Mummy says “Stay where I can see you!”
But how would I know where that is?
Mummy says “Don’t talk to strangers!”
But “be polite and say ‘hello’ to this lady! Go on – give her a kiss”
“Don’t run – you’ll slip and fall in this dreadful rain!”
“Quick run or we’ll miss the very last train!”
“You must share toys – now give him your bat!”
But if I want something “No! She’s playing with it – you can’t take that!”
“Sit still! Slow down! Don’t just inhale the food on your plate!”
“Come on! Hurry and eat up or we’ll be late!”
However, I’m hopeful that by the time I’m four,
I’ll understand a little more!
©
Brilliant blog posts on HonestMum.com

Honest Mum

Something for the weekend….

What a lovely week! I’ve been fortunate to have been asked to do a monthly blog for a wonderful charity, Motherwell Cheshire CIO so watch this space!

https://www.motherwellcheshirecio.com/services 

Also I’ve volunteered to do a regular storytime at Hanwell Library in London which starts on the 9th November. Very excited and looking forward to it!

We’ve also got a wonderful new addition to our book family (it was recommended by a lovely lady on a Facebook thread) It’s such a sweet amusing story I just had to share!!!

The Pout-Pout Fish – by Deborah Diesen

This is a story about a pout-pout fish with a pout-pout face spreading his dreary-wearies all over the place! (Think we’ve all had those days! 😂) It’s not his fault…it’s the way he was born…or so he thinks! This has lots of repetition and rhyming, alongside colourful characters. It’s a great one for the under sixes. Really love this book and so did my 3 year old. Here’s the link below. Have a great weekend!

Pout-Pout Fish

Interesting Article….

I love this article with some simple tips on helping children to read. I’ll be honest…my 3year old loves books but not sure how many letters he recognises (or is supposed to recognise at this stage! -Any early stages teachers out there -I’d love to hear from you out of interest!). He knows “O = Oliver” and “H = Henry” and “T = Thomas” (the latter 2 from the bain of our life Thomas the Tank Engine….at least it has some uses!! 😂) The rest he just makes up. The only reason I have any concern is because dyslexia is in our family. However, he’s only 3 so not going to worry about it at the moment and just let him enjoy the books at his own pace (I’m only allowed to read Green Eggs and Ham at the moment!!)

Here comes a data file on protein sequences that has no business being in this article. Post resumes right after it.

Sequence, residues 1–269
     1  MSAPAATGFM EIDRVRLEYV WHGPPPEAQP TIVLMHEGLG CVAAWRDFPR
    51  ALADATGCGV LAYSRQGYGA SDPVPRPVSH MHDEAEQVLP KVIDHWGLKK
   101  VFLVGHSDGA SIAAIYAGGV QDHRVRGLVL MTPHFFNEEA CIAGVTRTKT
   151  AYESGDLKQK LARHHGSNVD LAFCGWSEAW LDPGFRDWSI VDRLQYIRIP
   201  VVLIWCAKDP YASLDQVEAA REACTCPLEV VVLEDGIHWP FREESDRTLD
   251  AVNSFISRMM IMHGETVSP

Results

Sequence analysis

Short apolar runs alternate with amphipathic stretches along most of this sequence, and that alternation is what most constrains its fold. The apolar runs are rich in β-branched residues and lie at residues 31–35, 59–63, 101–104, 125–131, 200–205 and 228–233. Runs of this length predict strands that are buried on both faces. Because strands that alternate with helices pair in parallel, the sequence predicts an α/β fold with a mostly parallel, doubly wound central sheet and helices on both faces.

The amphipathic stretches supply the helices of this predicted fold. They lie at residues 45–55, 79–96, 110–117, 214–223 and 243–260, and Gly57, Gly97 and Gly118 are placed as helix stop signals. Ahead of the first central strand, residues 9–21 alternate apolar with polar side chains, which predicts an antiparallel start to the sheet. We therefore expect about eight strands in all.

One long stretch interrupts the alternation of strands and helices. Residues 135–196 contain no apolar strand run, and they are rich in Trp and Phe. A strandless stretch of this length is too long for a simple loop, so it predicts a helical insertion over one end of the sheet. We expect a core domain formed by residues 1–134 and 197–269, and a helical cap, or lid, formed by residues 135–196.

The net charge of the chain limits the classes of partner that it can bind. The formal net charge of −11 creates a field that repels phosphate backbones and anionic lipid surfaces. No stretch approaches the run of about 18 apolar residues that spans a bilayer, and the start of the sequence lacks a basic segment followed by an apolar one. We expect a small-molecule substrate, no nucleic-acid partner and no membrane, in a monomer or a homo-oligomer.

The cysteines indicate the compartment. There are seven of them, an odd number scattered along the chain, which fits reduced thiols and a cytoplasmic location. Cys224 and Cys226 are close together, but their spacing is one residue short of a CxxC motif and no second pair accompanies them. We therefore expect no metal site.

Have a great weekend! 

http://www.readingrockets.org/blogs/shanahan-literacy/11-ways-parents-can-help-their-children-read

Storytelling nerves…..

What are your favourite Autumn children’s books? 
This week Sandhurst Library have very kind in asking me to lead a storytelling session on Thursday and it’s Autumn themed. I’m so flattered that they would like to hear some bits that I’ve written alongside  some Autumn type books.

So here’s a little something I wrote for the occasion:

Autumn – by Kirsten Allen 

Mud squishing in my fingers 
Brown conkers all around
Golden leaves are falling. What a crunchy sound!!!
Furry squirrels playing hide and seek with the acorns that they find.
Lushes lovely berries!
Types of every kind.
These are the wonderful things I think of,
When Autumn springs to mind.

©

Just had to review….

So it’s been a mad whirl of holidays, teething and 3 year old birthday parties. My youngest has been waking at 5am and then going back to sleep. Oliver then wakes up and while waiting for his younger brother we’ve had a lovely time cuddling and reading a a story before getting ready. He received some beautiful books as birthday gifts which he loves. Including this one which made me smile and he loved it. Can recommend it:

There’s No Dragon In This Story – by Lou Carter & Deborah Allwright

This story is about a dragon. He wants to be a hero….unfortunately for him Goldilocks, The Gingerbread Man, Hansel and Gretel plus others already have their stories. Surely someone needs a dragon to save the day……
This is a fun easy read story for 6years old and under. Have to say I thoroughly enjoyed it!!!!

On another note I came across this interesting article. I have to say, even as an adult I love bonding with people over books they’ve read. Chatting with friends about what they’ve been reading has opened up new genres for me which I wouldn’t have thought of otherwise. Also, my son loves telling me about stories that have been read at nursery. Children are never too young to be read to!

http://www.telegraph.co.uk/education/2016/11/09/how-to-bond-with-your-child-through-reading/

Half a book review…

It’s only half as am only part way through but really enjoying it! It’s a bit advanced for my 3 year old but I’m keen to review a variety of children’s books not just picture books. So taking one for the team I’m reading them myself (and loving it!!!) the one I’m currently reading is The Name of this Book is Secret by Pseudonymous Bosch.  Would say it’s aimed at 9-12 year olds (not as grim as it sounds but mentions death and divorce). It’s about a girl (Cass) and a boy (Max-Ernest) who stumble on adventure. A lady brings a box full of smells to the antique shop Cass is staying at until her mother returns from a business trip. The adventure leads to a magician’s notebook. I’m almost half way through and can’t put it down. Wonderfully woven into the story are little historical facts, and things to do (how to make a compass) and there’s an appendix with useful words and definitions. Please don’t give the end away as am still reading but would love to know if your child (or you!) have read this book and if they enjoyed it?